Construction noise on UNLV’s campus won’t be winding down anytime soon.
University President Len Jessup outlined a number of projects — some recently completed and others in progress or soon to launch — during his keynote speech Tuesday morning at the Nevada Economic Development Conference.
“We think we’re in the midst of a renaissance,” he said.
UNLV, which is on a mission to be recognized as a top-tier public university, surpassed 30,000 students for the first time last week, Jessup said, underscoring the need for infrastructure improvements.
“We need to become a modern, efficient, effective organization as we grow and expand our footprint,” he said.
Here’s a look at some of the infrastructure projects that Jessup said will help transform the university and further economic growth in the state:
Thomas & Mack Center: The university completed $72.5 million worth of renovations to the Thomas & Mack Center last year, making the arena that houses the UNLV basketball program modern and competitive again. The project included creating the Strip View Pavilion, which serves as a space for meetings and private events.
Beverly Rogers Literature and Law Building: The building that houses the Honors College and Black Mountain Institute just got a $12 million facelift. The Honors College, which Jessup said is “growing like crazy,” now boasts 1,000 students who can enjoy comfortable work spaces built for collaboration.
Anthony and Lyndy Marnell III Baseball Clubhouse: An initial gift from Anthony and Lyndy Marnell jumpstarted this $4 million project to create a 10,000-square foot clubhouse for the Rebel baseball program. The new space features coaches’ offices, a players’ lounge, locker room, academic area and second-floor patio with views of the Las Vegas Strip. “It’s the best seat in college baseball now,” Jessup said.
Hospitality Hall: This 93,500-square-foot new building for the William F. Harrah College of Hotel Administration should be finished late this fall. Jessup said the university plans to do a grand-opening celebration in January. The $57 million project was funded by private donations — many from local gaming companies — and matching state funds.
U District: A public-private partnership could bring 3,000 new beds to an on-campus apartment complex over the next decade. The first phase of the $76 million project is expected to open later this fall, with 750 beds spread out over roughly 300 apartment units. The new community is located on the corner of Maryland Parkway and Cottage Grove Road and will feature a fitness room, group study areas, lounges and a resort-style pool. Jessup said the university desperately needs the housing space, given that dormitories only accommodate about 8,000 students.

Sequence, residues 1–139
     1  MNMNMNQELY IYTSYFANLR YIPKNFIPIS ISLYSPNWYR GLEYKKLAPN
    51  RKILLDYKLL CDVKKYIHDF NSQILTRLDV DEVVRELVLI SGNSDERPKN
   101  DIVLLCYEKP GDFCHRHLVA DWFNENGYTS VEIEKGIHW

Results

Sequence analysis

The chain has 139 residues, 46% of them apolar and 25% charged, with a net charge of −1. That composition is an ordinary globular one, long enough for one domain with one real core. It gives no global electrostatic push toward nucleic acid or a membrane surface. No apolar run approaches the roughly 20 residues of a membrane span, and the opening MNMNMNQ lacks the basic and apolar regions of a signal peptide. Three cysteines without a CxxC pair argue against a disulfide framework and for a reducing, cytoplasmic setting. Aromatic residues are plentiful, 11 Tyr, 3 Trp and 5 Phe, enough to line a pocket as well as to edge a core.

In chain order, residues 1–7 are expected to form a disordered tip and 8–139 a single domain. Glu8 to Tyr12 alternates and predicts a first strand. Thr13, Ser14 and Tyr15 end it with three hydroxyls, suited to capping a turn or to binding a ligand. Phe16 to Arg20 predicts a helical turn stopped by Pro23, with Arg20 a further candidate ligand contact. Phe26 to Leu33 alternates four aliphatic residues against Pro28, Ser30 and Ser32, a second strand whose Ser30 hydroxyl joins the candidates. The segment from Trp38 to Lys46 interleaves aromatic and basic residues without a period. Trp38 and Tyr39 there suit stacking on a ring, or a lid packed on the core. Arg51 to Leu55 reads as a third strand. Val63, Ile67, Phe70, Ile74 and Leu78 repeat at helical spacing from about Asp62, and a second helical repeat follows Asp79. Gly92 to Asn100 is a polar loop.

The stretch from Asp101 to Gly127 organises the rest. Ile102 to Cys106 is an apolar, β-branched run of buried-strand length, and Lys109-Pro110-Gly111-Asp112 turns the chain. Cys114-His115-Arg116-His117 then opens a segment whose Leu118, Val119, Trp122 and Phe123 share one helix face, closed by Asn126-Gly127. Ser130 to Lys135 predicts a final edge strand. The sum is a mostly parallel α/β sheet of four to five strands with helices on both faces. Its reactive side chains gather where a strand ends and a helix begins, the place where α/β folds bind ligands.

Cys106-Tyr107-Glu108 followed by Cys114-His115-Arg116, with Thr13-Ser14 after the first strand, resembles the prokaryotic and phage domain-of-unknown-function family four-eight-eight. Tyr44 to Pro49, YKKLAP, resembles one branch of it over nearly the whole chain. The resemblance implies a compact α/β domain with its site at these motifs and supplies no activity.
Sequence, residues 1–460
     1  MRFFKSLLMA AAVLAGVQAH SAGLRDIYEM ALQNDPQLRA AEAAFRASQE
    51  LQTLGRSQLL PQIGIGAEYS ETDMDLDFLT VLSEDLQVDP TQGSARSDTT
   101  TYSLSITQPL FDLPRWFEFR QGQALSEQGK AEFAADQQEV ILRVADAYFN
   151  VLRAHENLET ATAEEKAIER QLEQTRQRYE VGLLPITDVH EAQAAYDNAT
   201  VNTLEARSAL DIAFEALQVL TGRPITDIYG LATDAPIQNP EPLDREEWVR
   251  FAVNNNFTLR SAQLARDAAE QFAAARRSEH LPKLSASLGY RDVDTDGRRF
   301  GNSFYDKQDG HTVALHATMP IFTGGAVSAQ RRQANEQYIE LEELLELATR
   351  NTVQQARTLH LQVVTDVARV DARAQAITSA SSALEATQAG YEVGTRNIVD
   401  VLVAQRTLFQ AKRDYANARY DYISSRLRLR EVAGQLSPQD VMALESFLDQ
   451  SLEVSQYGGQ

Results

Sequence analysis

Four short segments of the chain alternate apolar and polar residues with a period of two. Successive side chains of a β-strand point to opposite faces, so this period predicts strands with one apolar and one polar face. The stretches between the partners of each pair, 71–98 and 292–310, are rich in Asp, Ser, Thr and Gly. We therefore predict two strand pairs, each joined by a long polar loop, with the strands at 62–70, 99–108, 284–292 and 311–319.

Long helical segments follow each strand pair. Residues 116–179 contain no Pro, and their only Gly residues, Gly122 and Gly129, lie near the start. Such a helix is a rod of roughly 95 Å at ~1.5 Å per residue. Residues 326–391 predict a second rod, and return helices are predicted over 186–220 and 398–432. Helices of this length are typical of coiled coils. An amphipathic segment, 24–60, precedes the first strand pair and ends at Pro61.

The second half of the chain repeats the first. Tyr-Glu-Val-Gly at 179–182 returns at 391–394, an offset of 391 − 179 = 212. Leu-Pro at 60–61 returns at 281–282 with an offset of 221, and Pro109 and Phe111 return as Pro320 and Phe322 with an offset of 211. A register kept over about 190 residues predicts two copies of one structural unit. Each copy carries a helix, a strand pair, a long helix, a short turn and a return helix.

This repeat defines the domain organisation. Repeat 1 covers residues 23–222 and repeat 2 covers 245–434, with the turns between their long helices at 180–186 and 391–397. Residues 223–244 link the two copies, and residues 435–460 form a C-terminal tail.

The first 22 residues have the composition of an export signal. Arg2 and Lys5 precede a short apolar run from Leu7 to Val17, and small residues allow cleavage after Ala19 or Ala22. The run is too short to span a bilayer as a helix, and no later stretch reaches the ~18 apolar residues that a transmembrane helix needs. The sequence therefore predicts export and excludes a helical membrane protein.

University Gateway: This $18 million project, which is also a public-private partnership, involves a parking structure and building that will have retail, office and possibly residential space on Maryland Parkway. The parking structure includes 820 spaces, with 630 reserved for UNLV. Jessup said the developer is working with the county to get permit approvals to start constructing the building.
Harry Reid Research and Technology Park: University officials expect to announce soon a third building that will be constructed at the Harry Reid Research and Technology Park, a 122-acre parcel near Interstate 215 and Durango Drive. “I won’t say much more on that,” Jessup said.
UNLV School of Medicine Building: Fundraising continues for the building to house the university’s new medical school, which is estimated to cost more than $100 million. UNLV has roughly $50 million banked for the project, which includes $35 million from an anonymous donor and $25 million from the state. Renderings of the yet-to-be-constructed building — to be located in the Medical District downtown — show modern design elements and collaborative work spaces. The medical school’s inaugural class of 60 students started this summer.
New engineering building: Lawmakers granted UNLV $1.75 million this session to start planning for a new engineering building to accommodate the program’s growth. Jessup said the university is starting to raise funds for the estimated $35 million project and will seek construction money during the 2019 legislative session.
Fertitta Football Complex: The Nevada Board of Regents recently approved UNLV’s plan to secure a loan for its football practice facility. The Fertitta family has pledged $10 million toward the $28 million project. Jessup said the university has roughly $20 million raised or pledged but needs another couple of million dollars before beginning construction. UNLV would pay back the loan with money pledged toward the project. “We hope to have that going by the end of the fall,” he said. “That building will be phenomenal for what it does for our football program.”
University Village: UNLV is working with the local government and airport officials as it contemplates how to develop 42 acres along Tropicana Avenue that was once a possibility for the NFL stadium. Jessup said the land, owned by the university, will likely become a mixed-use development with space for graduate education, clinical activities, retail and living. “We need that land, and we need to develop it,” he said.